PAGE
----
THE LOW FULL MOON…
Tuesday, 3 July, is a full moon, the night of the Thunder or Hay moon. This year’s Thunder moon will also be the “lowest” moon in the sky. What do I mean by “low” moon?
Head outside around 10 to 11 pm or later and note how low the Moon is off the southern horizon. The full moon nearest summer solstice is the “lowest” moon of the year in the northern hemisphere. The opposite is true for those south of the equator.
Why is this so? Let’s get some terms straight. The ECLIPTIC is the Sun’s apparent path across the sky. Professor James Kaler at the University of Illinois offers an excellent explanation here. The ecliptic can also be thought of as the “plane” of the solar system. The planets of our solar system and the Moon appear within a few degrees of the ecliptic in our sky. Think of the ecliptic as a great looping see-saw in the sky.
Earth’s axis is tilted 23.4 degrees to the plane of our orbit. As we circle the Sun we tilt toward (summer) or away (winter) from the Sun. This tilt also determines how the ecliptic cuts across the sky as viewed here on Earth. In the northern hemisphere summers the Sun tracks high across the sky.
Look at the point on the chart labeled “summer solstice”. That is right about where the Sun is these days….but it’s already “heading south for the winter.” When the Moon is “full” it is opposite the Sun in our view and on the lower side of the “see saw”at the spot marked “winter solstice”. In northern summers while the Sun is arcing high across the sky, at full phase the Moon is on the low side. If you happen to be in the southern hemisphere the opposite is true. The full Moon of July will appear high in your sky while the Sun rides low not far above your horizon. Check it out for me and let me know what you see!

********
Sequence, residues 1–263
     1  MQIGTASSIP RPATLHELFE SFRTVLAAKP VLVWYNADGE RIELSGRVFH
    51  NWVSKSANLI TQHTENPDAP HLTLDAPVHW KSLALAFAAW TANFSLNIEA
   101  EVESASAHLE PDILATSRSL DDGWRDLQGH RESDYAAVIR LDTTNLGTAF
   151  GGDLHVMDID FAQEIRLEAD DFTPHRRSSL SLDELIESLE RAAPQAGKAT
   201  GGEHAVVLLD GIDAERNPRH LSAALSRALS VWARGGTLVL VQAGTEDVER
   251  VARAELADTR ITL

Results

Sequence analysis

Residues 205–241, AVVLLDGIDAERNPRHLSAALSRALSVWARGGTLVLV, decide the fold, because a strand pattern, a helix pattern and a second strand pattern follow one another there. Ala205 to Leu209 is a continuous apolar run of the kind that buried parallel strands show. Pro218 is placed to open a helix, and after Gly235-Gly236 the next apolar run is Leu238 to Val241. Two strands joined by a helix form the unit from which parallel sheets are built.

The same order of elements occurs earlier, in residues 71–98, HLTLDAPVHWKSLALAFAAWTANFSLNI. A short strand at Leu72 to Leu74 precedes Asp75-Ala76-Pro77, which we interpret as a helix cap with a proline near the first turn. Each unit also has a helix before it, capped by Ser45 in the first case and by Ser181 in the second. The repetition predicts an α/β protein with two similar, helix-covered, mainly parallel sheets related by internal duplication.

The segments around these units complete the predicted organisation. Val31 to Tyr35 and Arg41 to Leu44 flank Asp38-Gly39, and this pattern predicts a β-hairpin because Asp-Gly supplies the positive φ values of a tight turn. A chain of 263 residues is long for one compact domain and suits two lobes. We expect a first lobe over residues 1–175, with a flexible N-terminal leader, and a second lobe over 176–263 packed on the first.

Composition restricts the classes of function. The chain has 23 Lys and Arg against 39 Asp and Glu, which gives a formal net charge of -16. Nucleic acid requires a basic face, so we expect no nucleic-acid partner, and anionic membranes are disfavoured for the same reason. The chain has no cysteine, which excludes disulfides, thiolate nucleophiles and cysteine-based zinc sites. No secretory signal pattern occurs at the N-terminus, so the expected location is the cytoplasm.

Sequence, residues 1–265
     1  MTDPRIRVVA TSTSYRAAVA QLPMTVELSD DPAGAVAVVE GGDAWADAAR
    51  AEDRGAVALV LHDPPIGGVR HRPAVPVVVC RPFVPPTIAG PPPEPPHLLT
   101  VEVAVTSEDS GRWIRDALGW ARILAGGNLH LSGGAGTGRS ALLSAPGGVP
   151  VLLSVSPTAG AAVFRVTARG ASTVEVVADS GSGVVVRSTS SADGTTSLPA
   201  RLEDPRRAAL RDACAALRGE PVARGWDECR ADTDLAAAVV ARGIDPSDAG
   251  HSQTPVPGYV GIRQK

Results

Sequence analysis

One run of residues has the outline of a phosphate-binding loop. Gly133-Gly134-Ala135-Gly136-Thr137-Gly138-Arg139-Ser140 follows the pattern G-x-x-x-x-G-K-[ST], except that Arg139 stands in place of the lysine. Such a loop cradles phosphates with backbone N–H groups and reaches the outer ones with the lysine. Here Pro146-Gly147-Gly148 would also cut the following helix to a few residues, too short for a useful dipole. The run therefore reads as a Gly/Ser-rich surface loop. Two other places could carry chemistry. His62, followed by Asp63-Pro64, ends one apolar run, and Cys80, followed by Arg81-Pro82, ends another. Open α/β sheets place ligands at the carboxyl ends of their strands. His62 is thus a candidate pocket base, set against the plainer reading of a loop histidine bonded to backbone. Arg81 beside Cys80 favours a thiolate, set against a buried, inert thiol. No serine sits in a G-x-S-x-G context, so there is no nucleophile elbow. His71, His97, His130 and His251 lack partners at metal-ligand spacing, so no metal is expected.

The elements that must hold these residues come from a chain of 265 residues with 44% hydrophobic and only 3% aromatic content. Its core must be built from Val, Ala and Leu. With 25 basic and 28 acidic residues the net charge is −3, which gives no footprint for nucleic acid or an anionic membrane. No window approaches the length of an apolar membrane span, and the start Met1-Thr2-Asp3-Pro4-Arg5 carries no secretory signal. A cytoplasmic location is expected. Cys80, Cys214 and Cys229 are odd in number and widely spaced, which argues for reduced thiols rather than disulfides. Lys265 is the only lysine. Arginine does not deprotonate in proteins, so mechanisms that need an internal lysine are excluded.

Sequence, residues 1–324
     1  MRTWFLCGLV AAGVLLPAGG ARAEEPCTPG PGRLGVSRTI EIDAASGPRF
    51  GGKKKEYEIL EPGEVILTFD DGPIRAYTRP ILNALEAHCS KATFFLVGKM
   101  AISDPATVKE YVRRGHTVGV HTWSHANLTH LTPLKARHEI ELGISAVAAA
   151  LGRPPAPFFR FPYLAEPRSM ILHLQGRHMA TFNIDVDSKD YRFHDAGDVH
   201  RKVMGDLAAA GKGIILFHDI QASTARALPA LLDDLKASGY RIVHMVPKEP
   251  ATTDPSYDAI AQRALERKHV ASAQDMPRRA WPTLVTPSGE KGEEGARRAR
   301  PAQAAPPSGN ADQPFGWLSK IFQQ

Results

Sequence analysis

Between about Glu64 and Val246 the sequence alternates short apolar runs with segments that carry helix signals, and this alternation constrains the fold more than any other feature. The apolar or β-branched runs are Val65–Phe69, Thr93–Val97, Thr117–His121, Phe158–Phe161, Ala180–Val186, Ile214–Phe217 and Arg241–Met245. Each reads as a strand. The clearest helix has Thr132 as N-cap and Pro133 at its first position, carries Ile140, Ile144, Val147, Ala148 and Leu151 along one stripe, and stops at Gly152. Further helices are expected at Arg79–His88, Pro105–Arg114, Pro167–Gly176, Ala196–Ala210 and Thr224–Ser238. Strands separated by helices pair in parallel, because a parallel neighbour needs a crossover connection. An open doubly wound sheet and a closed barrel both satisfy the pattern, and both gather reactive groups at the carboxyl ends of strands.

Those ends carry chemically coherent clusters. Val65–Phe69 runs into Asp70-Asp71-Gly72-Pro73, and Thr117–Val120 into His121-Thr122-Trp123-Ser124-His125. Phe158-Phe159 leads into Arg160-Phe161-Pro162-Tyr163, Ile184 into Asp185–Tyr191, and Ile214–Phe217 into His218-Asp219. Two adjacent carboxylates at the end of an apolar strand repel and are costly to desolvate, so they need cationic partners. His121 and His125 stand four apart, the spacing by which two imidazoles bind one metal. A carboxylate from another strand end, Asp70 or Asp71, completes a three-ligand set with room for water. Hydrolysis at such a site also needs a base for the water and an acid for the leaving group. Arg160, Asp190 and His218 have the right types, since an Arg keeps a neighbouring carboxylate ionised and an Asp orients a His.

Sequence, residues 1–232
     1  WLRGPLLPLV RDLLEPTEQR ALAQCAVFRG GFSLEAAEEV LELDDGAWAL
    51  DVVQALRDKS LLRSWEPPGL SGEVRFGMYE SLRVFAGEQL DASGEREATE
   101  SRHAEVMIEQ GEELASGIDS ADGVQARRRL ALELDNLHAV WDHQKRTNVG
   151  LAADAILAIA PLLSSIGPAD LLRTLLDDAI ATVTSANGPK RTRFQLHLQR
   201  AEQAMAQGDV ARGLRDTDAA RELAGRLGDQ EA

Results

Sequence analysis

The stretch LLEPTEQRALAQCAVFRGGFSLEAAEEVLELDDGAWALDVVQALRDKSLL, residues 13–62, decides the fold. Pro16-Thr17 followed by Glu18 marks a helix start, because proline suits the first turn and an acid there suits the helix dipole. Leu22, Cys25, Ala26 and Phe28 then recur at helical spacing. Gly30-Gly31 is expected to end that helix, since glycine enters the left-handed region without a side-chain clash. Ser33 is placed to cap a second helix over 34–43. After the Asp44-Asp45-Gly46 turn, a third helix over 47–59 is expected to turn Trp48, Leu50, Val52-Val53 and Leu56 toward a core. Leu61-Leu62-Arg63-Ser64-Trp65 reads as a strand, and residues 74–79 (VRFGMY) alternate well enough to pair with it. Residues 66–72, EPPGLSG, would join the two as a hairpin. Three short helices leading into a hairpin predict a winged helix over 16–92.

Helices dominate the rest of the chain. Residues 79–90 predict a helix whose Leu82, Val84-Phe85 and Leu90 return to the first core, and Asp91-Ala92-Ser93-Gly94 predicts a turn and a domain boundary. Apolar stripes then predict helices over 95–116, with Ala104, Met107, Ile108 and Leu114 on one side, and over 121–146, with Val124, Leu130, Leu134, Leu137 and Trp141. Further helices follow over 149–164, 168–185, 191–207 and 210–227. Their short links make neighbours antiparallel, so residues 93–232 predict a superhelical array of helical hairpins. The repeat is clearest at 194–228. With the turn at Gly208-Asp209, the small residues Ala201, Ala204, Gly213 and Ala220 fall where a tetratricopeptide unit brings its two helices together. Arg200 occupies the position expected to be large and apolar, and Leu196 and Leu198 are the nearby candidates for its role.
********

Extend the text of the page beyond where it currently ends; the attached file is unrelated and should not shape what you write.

Check this for yourself by going outdoors around mid-day and noting the position of the Sun off the southern horizon. NEVER LOOK DIRECTLY AT THE SUN! Do the same thing late in the evening with the Moon.
These early summer evenings are also a good time to check out the Moon illusion
WE’RE FURTHEST FROM THE SUN! WHY IS IT SO HOT?!!!
Thursday, 5 July at about 03 hours Universal time ( 11 pm EDT 4 July) planet Earth will be a aphelion, furthest from the Sun. We’ll be about 1.017 astronomical units from old Sol, roughly 152 million kilometers from our star or about 3.4% further away than at perihelion which happens on 3 January. Here in the midwest we have been suffering through nearly a week of high temperatures above 100 F so my saying we’re furthest from the Sun may seem crazy, but it is true. Our distance from the Sun varies because Earth’s orbit is ever so slightly elliptical.
The reason for the seasons is something I mentioned above, the tilt of Earth’s axis toward or away from the Sun. We’re having Summer now in the northern hemisphere because we’re leaning over toward the Sun. Those in the southern hemisphere are into winter and tilted away from the Sun. The seasonal changes have very little to do with the Sun’s distance.
Have an astronomy or stargazing question? Email the StarGeezer.